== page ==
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Maroon 5


One of my favorite riddles of all time in music is the instant success of Maroon 5 and their debut album followed by the follow-up to that record that took five years to release. Songs About Jane is one of the biggest albums of the 2000’s and it was powered by hit song after hit song. What would have happened if the band released It Won’t Be Soon Before Long two years after the release of that album? The group’s third album, Hands All Over was Mutt Lange’s take on the group’s soulful pop sound and he helped the band deliver a decent album that’s still highly likable, but not altogether that memorable. Being the busy Hollywood star that Maroon 5 vocalist Adam Levine is these days it’s somewhat surprising to see the group with an album release already following up Hands All Over but with the recent release of Overexposed, the group is after another strong run.

In the pattern of most releases these days, Maroon 5 didn’t just work with one producer on this album. Teaming up with Shellback, Ryan Tedder, Max Martin, Benny Blanco, and a slew of others, the album never manages to capture a lot of cohesiveness. The only common thread that strings its way across the album is that this is a modern pop album. There’s a lot of programming and less of a focus on true instrumentation.

All of this doesn’t mean that this isn’t a good album. It’s the band’s second-best album replacing Hands All Over. The variety from song to song with all of the different producers and songwriting credits makes things somewhat interesting even though it takes away from this playing like a full album. For the the first time, Levine and co. are recapturing some of their Songs About Jane magic. “The Man Who Never Lied,” “Beautiful Goodbye,” “Sad,” and to some extent “Payphone” all recapture the feeling that Levine is singing about something he lived or at least believes in. There has been instances in the previous two albums where that was the case, but not a lot of them. On this album, there are exceptions but there’s some legitimate feeling here and when Levine is singing something that’s believable- it can’t be mimicked.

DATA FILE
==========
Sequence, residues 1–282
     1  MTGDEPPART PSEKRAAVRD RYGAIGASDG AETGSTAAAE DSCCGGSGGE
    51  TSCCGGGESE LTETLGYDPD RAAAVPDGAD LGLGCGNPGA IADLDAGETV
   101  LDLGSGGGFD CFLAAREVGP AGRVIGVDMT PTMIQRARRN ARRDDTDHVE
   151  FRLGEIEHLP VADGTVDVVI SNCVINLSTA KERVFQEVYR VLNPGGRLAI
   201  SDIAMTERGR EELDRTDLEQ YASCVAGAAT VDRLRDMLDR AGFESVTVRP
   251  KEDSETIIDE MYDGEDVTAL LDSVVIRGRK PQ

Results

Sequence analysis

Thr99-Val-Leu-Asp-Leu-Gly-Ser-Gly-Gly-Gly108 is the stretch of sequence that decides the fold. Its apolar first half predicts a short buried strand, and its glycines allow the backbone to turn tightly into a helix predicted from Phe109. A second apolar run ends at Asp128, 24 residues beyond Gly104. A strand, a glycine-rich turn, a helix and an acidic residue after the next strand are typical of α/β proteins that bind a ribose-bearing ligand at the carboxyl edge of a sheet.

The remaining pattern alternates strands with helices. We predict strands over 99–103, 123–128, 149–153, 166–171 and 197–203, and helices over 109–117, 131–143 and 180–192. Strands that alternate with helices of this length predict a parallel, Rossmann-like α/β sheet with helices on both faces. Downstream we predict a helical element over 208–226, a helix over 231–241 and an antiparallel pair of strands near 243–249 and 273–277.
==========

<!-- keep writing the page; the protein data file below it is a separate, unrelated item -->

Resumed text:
I wish Maroon 5 would make another Songs About Jane as do most of the band’s fans who have been there for the past decade. It’s not because that’s the first time people heard Levine’s voice or discovered the band, it’s because there’s this interesting heartfelt story and the feeling that a legitimate group that was bigger than its parts conveyed that story to an audience. That same experience might not be able to be duplicated, but that doesn’t mean you can’t hope for it. With the tenth anniversary edition of the band’s debut recently being released it’s something you should definitely pick up if don’t own it. As for this album, there’s some good music to be had here too, but I’d recommend previewing all songs and then individual purchases first.


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